The music of video games. They are fitted into tables. You can drink, you can lunch, and go on playing. They open onto the street. By listening to them you can play from memory.

The Pizza Hut in Gaffney had a cocktail-table video game of “1942.” Mom buys me a pair of Solar Shades and passes a quarter to play while we wait on a pepperoni with green pepper and onion. I play from memory: take a barrel roll and blow those Nakajimas out of the sky.

He claims that electronic texture is the only one that can deal with sentiment, memory, and imagination.

I’ve never agreed. Who says no? It’s not so easy forgetting how to play the drums.

He described to me the ceremony held at the zoo in Ueno in memory of animals that had died during the year.

At the Cleveland Zoo, I asked my aunt why she married my uncle.

And beneath each of these faces a memory. And in place of what we were told had been forged into a collective memory, a thousand memories of men who parade their personal laceration in the great wound of history.

Each leaving a loss, each loss a wound: Canton, Gaffney, São Paulo, Tokyo, Wooster, London, Pittsburgh, Prague, Brest, Dębica, Kraków. Even leaving Dubrovnik after a few days is masakra.

That’s how history advances, plugging its memory as one plugs one’s ears.

Memories are knocked out poorly without earplugs.

I’m writing you all this from another world, a world of appearances. In a way the two worlds communicate with each other. Memory is to one what history is to the other: an impossibility.

Memory all too possible: forgetting does the real damage in its impossibility. History is never impossible; only as compared to history is memory sometimes impossible.

I envy Hayao in his “zone,” he plays with the signs of his memory. He pins them down and decorates them like insects that would have flown beyond time, and which he could contemplate from a point outside of time: the only eternity we have left. I look at his machines. I think of a world where each memory could create its own legend.

A world in which each memory creates its own machine, more likely. Cannot—must not—sufficiently investigate that simulation. Too fatigued by outrage and devtool-babble.

Everything works to perfection, all that we allow to slumber, including memory. Logical consequence: total recall is memory anesthetized. After so many stories of men who had lost their memory, here is the story of one who has lost forgetting, and who—through some peculiarity of his nature—instead of drawing pride from the fact and scorning mankind of the past and its shadows, turned to it first with curiosity and then with compassion. In the world he comes from, to call forth a vision, to be moved by a portrait, to tremble at the sound of music, can only be signs of a long and painful prehistory.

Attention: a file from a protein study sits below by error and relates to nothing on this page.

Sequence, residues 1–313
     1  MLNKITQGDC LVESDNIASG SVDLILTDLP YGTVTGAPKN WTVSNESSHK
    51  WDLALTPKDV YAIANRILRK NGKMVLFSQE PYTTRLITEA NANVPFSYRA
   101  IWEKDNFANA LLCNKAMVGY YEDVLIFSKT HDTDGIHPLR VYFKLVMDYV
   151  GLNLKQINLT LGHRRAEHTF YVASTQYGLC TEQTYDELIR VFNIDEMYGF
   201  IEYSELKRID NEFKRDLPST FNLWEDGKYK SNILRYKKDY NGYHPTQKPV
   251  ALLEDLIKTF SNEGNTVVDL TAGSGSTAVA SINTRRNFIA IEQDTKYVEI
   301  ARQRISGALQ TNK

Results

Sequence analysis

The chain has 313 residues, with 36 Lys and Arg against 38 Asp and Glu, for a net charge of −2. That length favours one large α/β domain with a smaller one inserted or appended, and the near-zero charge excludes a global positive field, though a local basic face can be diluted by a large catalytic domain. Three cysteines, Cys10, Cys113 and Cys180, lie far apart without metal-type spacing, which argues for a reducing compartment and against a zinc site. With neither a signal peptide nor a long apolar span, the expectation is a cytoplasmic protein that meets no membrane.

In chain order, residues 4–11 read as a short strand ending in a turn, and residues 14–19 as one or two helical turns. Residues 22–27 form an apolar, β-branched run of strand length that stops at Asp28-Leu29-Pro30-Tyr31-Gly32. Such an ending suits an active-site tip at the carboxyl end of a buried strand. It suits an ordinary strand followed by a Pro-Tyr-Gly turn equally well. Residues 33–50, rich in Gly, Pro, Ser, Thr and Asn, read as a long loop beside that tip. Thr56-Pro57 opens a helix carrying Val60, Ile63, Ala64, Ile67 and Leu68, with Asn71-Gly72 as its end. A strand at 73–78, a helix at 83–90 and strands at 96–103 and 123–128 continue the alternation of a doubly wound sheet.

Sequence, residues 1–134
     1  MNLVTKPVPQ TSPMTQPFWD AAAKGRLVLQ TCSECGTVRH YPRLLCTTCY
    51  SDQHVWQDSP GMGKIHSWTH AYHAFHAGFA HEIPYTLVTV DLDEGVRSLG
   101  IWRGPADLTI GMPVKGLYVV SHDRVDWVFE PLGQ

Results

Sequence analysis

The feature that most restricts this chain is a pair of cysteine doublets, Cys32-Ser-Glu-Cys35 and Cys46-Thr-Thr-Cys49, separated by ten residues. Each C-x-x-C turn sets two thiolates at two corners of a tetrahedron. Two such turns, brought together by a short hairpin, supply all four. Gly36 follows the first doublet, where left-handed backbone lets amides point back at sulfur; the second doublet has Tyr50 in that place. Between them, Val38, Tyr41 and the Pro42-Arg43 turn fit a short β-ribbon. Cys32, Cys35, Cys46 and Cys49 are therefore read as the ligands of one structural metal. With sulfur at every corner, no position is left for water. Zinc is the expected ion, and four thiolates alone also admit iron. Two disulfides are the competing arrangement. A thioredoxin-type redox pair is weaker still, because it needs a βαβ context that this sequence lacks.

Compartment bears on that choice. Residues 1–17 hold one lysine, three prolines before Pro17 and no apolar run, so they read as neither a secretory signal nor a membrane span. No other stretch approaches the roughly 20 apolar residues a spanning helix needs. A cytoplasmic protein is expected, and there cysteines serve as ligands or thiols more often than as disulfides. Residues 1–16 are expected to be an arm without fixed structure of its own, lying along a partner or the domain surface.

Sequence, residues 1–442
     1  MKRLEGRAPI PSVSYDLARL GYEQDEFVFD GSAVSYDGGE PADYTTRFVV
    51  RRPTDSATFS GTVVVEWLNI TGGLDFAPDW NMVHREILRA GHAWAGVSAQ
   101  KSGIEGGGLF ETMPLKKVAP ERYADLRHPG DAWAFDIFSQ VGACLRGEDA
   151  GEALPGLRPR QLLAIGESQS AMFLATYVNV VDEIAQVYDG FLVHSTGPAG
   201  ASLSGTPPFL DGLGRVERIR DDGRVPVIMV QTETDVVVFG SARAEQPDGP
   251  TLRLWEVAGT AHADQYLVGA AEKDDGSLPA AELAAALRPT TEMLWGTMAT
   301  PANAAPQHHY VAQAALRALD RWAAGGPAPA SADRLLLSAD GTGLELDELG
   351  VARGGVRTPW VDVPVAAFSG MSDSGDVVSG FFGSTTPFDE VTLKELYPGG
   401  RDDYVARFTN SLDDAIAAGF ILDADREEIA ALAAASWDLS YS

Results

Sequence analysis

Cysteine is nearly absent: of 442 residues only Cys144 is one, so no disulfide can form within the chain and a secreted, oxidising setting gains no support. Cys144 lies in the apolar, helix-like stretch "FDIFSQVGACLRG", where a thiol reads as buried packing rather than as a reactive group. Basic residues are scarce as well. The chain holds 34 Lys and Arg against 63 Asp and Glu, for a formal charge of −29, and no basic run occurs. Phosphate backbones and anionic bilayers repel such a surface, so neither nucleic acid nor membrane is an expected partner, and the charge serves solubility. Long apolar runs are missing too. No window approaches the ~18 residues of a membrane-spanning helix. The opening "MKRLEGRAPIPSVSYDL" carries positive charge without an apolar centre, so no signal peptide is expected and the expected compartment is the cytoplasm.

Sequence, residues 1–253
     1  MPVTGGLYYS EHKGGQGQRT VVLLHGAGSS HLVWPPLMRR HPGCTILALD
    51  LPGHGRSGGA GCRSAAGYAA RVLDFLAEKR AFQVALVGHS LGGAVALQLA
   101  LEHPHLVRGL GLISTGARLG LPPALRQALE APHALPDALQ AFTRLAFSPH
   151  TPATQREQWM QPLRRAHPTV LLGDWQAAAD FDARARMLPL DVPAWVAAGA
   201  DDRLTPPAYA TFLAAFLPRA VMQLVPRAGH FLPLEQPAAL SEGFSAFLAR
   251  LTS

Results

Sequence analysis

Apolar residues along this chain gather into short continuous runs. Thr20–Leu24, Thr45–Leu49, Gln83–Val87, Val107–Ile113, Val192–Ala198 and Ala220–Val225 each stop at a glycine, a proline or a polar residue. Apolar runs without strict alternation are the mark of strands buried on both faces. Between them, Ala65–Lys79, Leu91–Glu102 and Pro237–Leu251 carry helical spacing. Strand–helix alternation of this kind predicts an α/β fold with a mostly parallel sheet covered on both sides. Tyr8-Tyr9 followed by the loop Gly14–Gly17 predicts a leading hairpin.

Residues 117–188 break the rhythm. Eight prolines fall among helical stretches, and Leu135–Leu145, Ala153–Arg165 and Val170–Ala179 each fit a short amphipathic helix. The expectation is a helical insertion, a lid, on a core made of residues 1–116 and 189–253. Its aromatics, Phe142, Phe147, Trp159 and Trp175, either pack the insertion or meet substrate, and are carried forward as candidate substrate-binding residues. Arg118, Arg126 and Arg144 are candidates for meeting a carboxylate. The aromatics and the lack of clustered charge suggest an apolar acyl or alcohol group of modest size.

To understand that prehistory before forgetting it. To understand very little, to already have forgotten some, most.

But it was then that for the first time he perceived the presence of that thing he didn’t understand which had something to do with unhappiness and memory, and towards which slowly, heavily, he began to walk.

After each happiness of memory, ASMR.

I remember that month of January in Tokyo, or rather I remember the images I filmed of the month of January in Tokyo. They have substituted themselves for my memory. They are my memory. I wonder how people remember things who don’t film, don’t photograph, don’t tape. How has mankind managed to remember? I know: it wrote the Bible. The new Bible will be an eternal magnetic tape of a time that will have to reread itself constantly just to know it existed.

I remember snow in the month of January in Tokyo. Two inches, max. School called off. We met in Harajuku and tried out some longboards. By afternoon the snow had melted, we skated around Shinjuku.

That a short wave announcement from Hong Kong radio picked up on a Cape Verde island projects to Tokyo, and that the memory of a precise color in the street bounces back on another country, another distance, another music, endlessly.

Is it a choice? Precise colors on the streets of Santo Amaro, Ebisu, Ohio City, Farringdon, Ridgewood, College of Wooster, Squirrel Hill, Žižkov, Krowodrza, Hongdae, Újlipótváros, Delfshaven.

All those who remember the war remember him.

His father took photos in Vietnam with a Japanese camera. The tail of a downed American bomber, torn off the fuselage, down the road.

Madeline traced the short distance between two of those concentric lines that measured the age of the tree and said, ‘Here I was born… and here I died.’ He remembered another film in which this passage was quoted. The sequoia was the one in the Jardin des plantes in Paris, and the hand pointed to a place outside the tree, outside of time.

To meet the person you could have become, become that person prepared to meet who you could have become.

He said, “I will have spent my life trying to understand the function of remembering, which is not the opposite of forgetting, but rather its lining. We do not remember, we rewrite memory much as history is rewritten. How can one remember thirst?

How long will you take to forget the secret?


Christmas, 1993, São Paulo to Cleveland alone, must have been via Miami, some book in hand along with unaccompanied minor papers. Picked up at the airport gate: still beyond security that year, immersed. Shuttled between the west side and Columbia Station with the heat blasting, drowsy against wet reflections of car and holiday lights. Some formidable tapes that trip: in your father’s boyhood room, staring up at the mint green ceiling and the light fixture painted with cowboy themes, blasting Daydream Nation between the trains barreling by; tramping through the snow back of the garage with Every Good Boy Deserves Fudge; up early your aunt’s, camped out on the floor of the living room painted orange sherbet, going through Last Splash; rooting through your grandparents’ attic with Trompe le Monde, finding your father’s old Land’s End blue checkered flannel, worn in that photo forever etched, city and country come together in front of the frozen well. A new skateboard from Schneider’s Bike Shop, skidding back and forth in the tiny basement off Denison, no more than ten-twelve feet to be covered before you’d either hit your head or run into a 1952 refrigerator. After popping a few butterscotch candies and before sitting down to paprikash, walk up to the Convenient Food Mart with some quarters for a few games of NBA Jam. Christmas morning, blueberry pancakes, the privilege of your cousins’ ritual for the first and last time. That was the winter you almost drove your grandfather’s 1949 Ford tractor into the pond while pulling your cousin on the toboggan – you cut to the right just in time, tried to deny the close call, but the tire marks in the snow told the whole story.